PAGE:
Women’s basketball began in the winter of 1892 at Smith College. Senda Berenson, an instructor at Smith, taught basketball to her students, hoping the activity would improve their physical health. Basketball’s early adherents were affiliated with YMCAs and colleges throughout the United States, and the game quickly spread throughout the country.
This footage of women’s basketball from 1904 is probably the earliest known footage of this sport.
Berenson’s, freshmen played the sophomore class in the first women’s collegiate basketball game, held on 22 March 1893. University of California and Miss Head’s School, had played the first women’s outdoor game in 1892. Also in 1893, Mount Holyoke and Sophie Newcomb College, coached by Clara Gregory Baer, (the inventor of Newcomb ball), women began playing basketball. By 1895, the game had spread to colleges across the country, including Wellesley, Vassar and Bryn Mawr. The first intercollegiate women’s game was on 4 April 1896. Stanford women played California, 9-on-9, ending in a 2–1 Stanford victory. Clara Gregory Baer published the first book of rules for women’s basketball in 1895 she first called the game ‘Basquette’, a name later dropped in her first revision of rules, called Newcomb College Basketball Rules published in 1908. In 1971 five player, full court game was adopted followed by women’s sports foundation which was formed in 1974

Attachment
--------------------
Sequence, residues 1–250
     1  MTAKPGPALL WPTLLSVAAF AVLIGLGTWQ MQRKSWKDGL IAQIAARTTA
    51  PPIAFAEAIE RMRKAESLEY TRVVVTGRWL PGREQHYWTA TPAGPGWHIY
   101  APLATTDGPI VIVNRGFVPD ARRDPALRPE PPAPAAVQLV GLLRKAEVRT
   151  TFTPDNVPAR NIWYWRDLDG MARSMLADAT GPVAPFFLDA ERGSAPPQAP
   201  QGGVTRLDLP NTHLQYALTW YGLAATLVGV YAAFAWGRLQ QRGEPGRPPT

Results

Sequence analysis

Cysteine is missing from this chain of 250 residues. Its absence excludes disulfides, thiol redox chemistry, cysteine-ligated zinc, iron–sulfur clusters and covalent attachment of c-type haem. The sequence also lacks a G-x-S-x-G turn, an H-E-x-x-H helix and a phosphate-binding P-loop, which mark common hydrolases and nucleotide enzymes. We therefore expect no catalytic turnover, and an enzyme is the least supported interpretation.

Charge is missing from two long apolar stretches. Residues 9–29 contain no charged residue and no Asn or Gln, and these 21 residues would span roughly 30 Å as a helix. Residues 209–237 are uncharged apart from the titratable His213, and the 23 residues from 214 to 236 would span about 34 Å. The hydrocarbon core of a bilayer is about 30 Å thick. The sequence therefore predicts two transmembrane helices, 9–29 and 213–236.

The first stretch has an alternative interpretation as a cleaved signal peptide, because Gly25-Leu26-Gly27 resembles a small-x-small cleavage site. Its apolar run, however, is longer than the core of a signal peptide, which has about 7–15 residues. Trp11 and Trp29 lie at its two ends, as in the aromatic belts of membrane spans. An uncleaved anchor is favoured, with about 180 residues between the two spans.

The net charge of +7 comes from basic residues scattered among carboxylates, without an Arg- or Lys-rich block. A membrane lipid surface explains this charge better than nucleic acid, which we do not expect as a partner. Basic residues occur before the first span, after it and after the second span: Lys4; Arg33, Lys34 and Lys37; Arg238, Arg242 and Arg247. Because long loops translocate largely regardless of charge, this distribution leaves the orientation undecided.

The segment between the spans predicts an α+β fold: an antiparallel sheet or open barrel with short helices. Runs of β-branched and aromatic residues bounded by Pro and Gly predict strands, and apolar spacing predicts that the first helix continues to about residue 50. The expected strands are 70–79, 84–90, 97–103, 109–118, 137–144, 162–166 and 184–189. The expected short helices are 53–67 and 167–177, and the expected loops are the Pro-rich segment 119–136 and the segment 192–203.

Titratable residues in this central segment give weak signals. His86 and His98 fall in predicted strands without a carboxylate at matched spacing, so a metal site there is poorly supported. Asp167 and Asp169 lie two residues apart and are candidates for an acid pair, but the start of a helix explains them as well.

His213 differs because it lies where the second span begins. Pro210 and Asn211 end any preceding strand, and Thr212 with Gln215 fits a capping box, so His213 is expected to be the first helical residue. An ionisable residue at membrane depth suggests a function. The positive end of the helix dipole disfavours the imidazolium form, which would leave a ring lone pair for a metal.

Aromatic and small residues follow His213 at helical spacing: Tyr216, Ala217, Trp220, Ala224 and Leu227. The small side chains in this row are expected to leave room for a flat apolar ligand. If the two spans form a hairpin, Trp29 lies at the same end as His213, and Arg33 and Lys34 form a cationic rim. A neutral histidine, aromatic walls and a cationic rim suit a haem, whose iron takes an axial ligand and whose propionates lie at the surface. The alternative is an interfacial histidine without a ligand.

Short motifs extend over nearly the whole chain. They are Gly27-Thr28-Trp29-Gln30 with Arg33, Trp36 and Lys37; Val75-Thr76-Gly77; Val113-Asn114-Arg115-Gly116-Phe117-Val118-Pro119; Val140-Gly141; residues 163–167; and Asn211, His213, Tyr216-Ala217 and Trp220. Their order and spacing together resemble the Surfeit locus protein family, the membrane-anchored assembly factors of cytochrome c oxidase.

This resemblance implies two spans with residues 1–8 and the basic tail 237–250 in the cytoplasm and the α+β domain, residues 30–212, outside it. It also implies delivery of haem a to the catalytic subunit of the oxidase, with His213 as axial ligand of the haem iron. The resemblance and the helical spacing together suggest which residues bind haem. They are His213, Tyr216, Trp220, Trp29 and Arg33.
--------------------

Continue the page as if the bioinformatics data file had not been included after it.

However, Berenson was taking risks simply in teaching the game to women. She worried a little about the women suffering from “nervous fatigue” if games were too strenuous for them. And, in order to keep it “acceptable” for women to play at all, she taught modified rules. These included a court divided into three areas and nine players per team. Three players were assigned to each area (guard, center, forward) and they could not cross the line into another area. The ball was moved from section to section by passing or dribbling. Players were limited to three dribbles and could hold the ball for three seconds. No snatching or batting the ball away from a player was allowed. A center jump was required after each score. Peach baskets and the soccer ball were the equipment. Variations of Berenson’s rules spread across the country via YMCAs and colleges.
The first intercollegiate women’s basketball game was played between teams from Stanford University and the University of California, Berkeley, in 1896.
The popularity of women’s basketball grew steadily around the world for decades. By the 1970’s the sport had attracted the notice the International Olympic Committee, which added women’s basketball as an official sport of the Olympic Games in 1976. Throughout the 1970’s, funding for (and interest in) women’s basketball began to dramatically increase as schools receiving federal funding began to come into compliance with new laws mandating a lack of discrimination based on sex. The sport was also gaining attention at the collegiate level, under the auspices of the Association of Intercollegiate Athletics for Women (AIAW). A major development in women’s basketball occurred in 1982, when the National Collegiate Athletic Association (NCAA) began to sponsor the sport.. After several failed attempts at women’s professional leagues in the U.S., the NBA founded the WNBA in 1996.